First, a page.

It is possible to insert U+2011 or U+00AD e.g. using the “Symbols” pane or, in sufficiently new systems, by typing 2011 Alt-x or ad Alt-x, respectively. The non-breaking hyphen U+2011 then works properly, assuming the font in use contains a glyph for it. The soft hyphen U+00AD however is displayed as a visible hyphen.

Typographic usage

When a sufficient character repertoire is available, the following usage rules are suitable, since they comply with old typographic and orthographic principles and the defined Unicode meanings of characters:

Especially the en dash and em dash have language-dependent uses. The uses mentioned above (as taken from the Unicode standard) should primarily be taken as typical uses in American English. The detailed rules of their usage are obviously orthographical (and stylistic or typographic) rather than character code standard issues.

The Unicode standard mentions:

U+2013 en dash is used to indicate a range of values, such as 1973–1984. It should be distinguished from U+2212 minus, which is an arithmetic operator; however, typographers have typically used U+2013 en dash in typesetting to represent the minus sign. … In older mathematical typography, U+2014 em dash is also used to indicate a binary minus sign.
[Unicode, chapter 6]

One might conclude from this that if the minus sign cannot be used but the en dash is available (e.g., when the character repertoire is limited to the so-called Windows character set), the en dash is a better surrogate for the minus sign than the hyphen-minus or the em dash.

Hyphens and dashes: a closer look at English usage

Punctuation style varies according to language, style, and even authors’ personal preferences. The use of hyphens and dashes in literary American English seems to be relatively uniform however. The following description is mostly based on a detailed explicit presentation in a style manual [Webster], which seems to reflect the actual practices in high-quality printed publications rather well. However, note that some stylistic usages do not make a distinction between an em dash and an en dash. Simple punctuation rules [Oxford] might just refer to a dash in general. In fact, the situation has been described so that “both European and Anglo saxon typesetters do in fact separate words by close to a full em length in this situation, but the European style is to leave a bit of white space around the (shorter) dash while the Anglo saxon style is to cover the full em length with a correspondingly longer dash instead.” [Typographical]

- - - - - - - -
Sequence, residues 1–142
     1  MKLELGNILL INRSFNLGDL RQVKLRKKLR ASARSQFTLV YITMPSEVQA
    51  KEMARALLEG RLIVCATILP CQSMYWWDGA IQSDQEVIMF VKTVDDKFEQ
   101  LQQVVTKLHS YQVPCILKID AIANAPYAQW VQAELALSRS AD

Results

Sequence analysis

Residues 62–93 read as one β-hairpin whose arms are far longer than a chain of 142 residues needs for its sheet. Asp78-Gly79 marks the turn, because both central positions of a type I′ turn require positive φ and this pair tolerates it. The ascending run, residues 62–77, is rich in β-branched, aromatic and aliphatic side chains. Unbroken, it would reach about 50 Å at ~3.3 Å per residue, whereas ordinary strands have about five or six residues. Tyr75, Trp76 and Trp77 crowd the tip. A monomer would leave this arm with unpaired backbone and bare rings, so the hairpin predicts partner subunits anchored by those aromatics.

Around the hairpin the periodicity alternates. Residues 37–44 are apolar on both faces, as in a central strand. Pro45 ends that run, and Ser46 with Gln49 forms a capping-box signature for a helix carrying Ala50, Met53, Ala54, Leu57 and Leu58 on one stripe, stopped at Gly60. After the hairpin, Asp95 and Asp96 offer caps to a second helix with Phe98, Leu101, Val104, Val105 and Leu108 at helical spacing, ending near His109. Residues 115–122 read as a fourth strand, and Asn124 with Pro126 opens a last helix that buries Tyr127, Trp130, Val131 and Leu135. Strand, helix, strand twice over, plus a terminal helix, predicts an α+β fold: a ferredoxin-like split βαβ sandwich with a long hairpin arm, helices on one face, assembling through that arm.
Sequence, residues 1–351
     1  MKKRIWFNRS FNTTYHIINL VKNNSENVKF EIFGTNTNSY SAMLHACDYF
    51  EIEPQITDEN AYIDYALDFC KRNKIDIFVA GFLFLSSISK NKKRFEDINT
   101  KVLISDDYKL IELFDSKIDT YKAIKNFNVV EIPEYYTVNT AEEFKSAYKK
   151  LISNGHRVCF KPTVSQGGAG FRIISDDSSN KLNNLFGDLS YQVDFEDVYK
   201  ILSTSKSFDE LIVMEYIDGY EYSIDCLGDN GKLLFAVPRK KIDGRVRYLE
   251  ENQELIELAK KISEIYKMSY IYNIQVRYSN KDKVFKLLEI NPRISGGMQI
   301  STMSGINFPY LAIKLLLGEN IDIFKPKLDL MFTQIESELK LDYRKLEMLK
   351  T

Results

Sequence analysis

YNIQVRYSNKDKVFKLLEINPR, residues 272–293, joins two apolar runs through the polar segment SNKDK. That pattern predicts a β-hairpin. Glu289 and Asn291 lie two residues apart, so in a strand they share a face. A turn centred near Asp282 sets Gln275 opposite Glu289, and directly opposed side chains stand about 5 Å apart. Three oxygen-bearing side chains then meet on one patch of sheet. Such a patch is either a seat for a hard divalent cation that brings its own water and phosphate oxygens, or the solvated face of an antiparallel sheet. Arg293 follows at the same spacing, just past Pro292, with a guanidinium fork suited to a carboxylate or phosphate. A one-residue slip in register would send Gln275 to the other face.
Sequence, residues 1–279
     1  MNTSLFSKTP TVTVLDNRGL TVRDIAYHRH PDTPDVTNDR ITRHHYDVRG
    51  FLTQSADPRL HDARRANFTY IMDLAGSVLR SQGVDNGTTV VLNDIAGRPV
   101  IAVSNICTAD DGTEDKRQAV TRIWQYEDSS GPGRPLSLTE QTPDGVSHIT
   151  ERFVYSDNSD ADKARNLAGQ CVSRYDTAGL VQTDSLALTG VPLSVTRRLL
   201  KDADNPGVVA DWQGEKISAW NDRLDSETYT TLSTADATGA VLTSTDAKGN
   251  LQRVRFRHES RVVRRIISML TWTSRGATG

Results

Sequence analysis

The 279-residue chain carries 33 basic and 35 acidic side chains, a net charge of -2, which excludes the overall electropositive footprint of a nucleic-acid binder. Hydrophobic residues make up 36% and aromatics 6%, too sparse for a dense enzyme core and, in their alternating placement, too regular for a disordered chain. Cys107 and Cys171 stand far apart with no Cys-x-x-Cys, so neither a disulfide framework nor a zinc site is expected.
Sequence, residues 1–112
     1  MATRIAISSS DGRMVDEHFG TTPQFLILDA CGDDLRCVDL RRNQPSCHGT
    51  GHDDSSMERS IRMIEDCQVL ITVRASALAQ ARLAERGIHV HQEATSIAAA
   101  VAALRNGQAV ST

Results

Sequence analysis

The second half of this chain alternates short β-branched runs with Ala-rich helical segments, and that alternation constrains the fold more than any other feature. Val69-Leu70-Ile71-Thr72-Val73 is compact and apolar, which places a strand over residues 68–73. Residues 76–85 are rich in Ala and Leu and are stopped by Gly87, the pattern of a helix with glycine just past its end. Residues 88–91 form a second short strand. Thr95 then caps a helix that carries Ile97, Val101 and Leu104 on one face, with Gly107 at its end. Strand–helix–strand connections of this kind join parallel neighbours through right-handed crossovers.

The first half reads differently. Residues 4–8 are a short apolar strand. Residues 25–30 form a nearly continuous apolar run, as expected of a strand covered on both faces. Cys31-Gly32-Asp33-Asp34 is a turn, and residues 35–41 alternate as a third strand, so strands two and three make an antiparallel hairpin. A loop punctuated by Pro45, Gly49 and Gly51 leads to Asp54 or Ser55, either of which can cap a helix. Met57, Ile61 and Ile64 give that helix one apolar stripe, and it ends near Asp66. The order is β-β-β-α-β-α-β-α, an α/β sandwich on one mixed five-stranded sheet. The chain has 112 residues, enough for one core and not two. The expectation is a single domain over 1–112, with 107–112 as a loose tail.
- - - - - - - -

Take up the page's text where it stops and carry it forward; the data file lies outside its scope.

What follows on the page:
Hyphen

Hyphens are basically used inside words to separate their parts from each other. This includes using it between the components of a compound word, often with variation so that the word might also be spelled without the hyphen or as two distinct words. Somewhat similar usage is the use of a hyphen to combine an abbreviation with a suffix, as in D.H.-ing or AA-er, though the apostrophe is more commonly used for such purposes.

An important and well-known use is at the end of a line, to mark that a word has been split. The basic spelling might have a hyphen in the same position; the difference between such a case and a hyphen introduced by a formatting algorithm is not indicated (visually or by the choice of the hyphen character), although the ISO 8859 standards can be interpreted as defining the difference between a normal hyphen-minus and a soft hyphen for such a purpose.

Other uses are more casual. A hyphen is, especially linguistics, used are to indicate that a sequence of letters is a prefix or suffix or otherwise part of a word rather than a word of its own, as in “the plural suffix -en is very rare in English”. Hyphens might also be used to indicate possible hyphenation points or syllable structure of a word, though there are many other notations for this in dictionaries. Very casually, hyphens can be used to indicate stuttering, sobbering, or halting speech, as in y-y-es, or to indicate a word spelled out letter by letter, e.g. p-h-l-e-g-m.

Finally, hyphens are often used as surrogates for other characters, such as en dash. However, this is caused by the insufficiency of the available character repertoire and does not belong to optimal orthography.

En dash

The en dash is used to indicate an interval of some sort. This might mean a range, as in “ages 10–15”, or a route, as in “Chicago–Memphis train”. Generally, the en dash thus means “to”.